Interesting Behavior of Biodiesel Ignition Delay and Combustion Duration
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This article describes the study of combustion behavior in a production diesel engine using either 100% biodiesel or 100% petroleum diesel. Biodiesel remains a topic of interest, with specific emphasis placed on its conventionally observed higher nitrogen oxides (NOx) emissions. This study's objective is to contrast biodiesel's ignition delay and combustion duration behavior to that of petroleum diesel's by investigating the rate of heat release information from various engine load and speed conditions of a medium-duty diesel engine. Further, the study attempts to support a potential link between biodiesel's burn rate and the observed increase in its exhaust nitric oxide (NO) concentrations. The study observes biodiesel's ignition delay, in accordance with literature, is consistently shorter than petroleum diesel's ignition delay. Further, biodiesel's mid to high load operating conditions have consistently shorter combustion durations. The shorter combustion durations result from the observed faster diffusion burn rate of biodiesel. Biodiesel's low load conditions appear to have nearly the same or longer combustion durations. It is postulated that this occurs from biodiesel's shorter ignition delay, which creates a relatively lower premixed burn fraction; because the low load condition is predominantly premixed, the small increase in diffusive burning is not substantial enough to accelerate biodiesel's overall burn duration. It is speculated that biodiesel's faster diffusion burn rate is a contributor to the observed increases in its exhaust NO concentrations; simple analysis of phenomenological evidence typically supports this potential effect. © 2010 American Chemical Society.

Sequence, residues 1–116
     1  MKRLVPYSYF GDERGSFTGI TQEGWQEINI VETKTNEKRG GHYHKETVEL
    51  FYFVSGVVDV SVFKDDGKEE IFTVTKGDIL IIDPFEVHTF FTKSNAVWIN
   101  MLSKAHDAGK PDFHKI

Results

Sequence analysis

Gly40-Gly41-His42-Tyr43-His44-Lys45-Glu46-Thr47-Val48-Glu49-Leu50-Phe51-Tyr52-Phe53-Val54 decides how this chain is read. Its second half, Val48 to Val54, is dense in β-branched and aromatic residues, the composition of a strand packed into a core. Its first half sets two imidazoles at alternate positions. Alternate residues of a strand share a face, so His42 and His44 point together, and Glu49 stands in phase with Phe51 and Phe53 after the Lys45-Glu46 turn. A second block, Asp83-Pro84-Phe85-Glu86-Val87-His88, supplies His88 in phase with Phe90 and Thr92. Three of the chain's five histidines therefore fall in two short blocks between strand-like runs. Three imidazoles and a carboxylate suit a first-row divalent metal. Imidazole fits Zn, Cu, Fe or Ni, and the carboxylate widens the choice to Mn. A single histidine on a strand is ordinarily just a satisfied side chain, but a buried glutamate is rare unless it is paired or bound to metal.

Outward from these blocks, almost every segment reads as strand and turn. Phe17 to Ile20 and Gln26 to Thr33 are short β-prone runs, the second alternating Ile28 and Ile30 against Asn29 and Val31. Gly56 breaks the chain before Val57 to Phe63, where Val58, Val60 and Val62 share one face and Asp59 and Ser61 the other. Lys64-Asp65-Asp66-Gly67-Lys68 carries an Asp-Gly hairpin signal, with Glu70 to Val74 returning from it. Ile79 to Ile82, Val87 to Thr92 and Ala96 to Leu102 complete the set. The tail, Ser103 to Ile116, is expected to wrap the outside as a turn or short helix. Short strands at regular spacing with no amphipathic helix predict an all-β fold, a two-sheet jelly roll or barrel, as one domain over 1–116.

author list (cited authors)
Bittle, J. A., Knight, B. M., & Jacobs, T. J.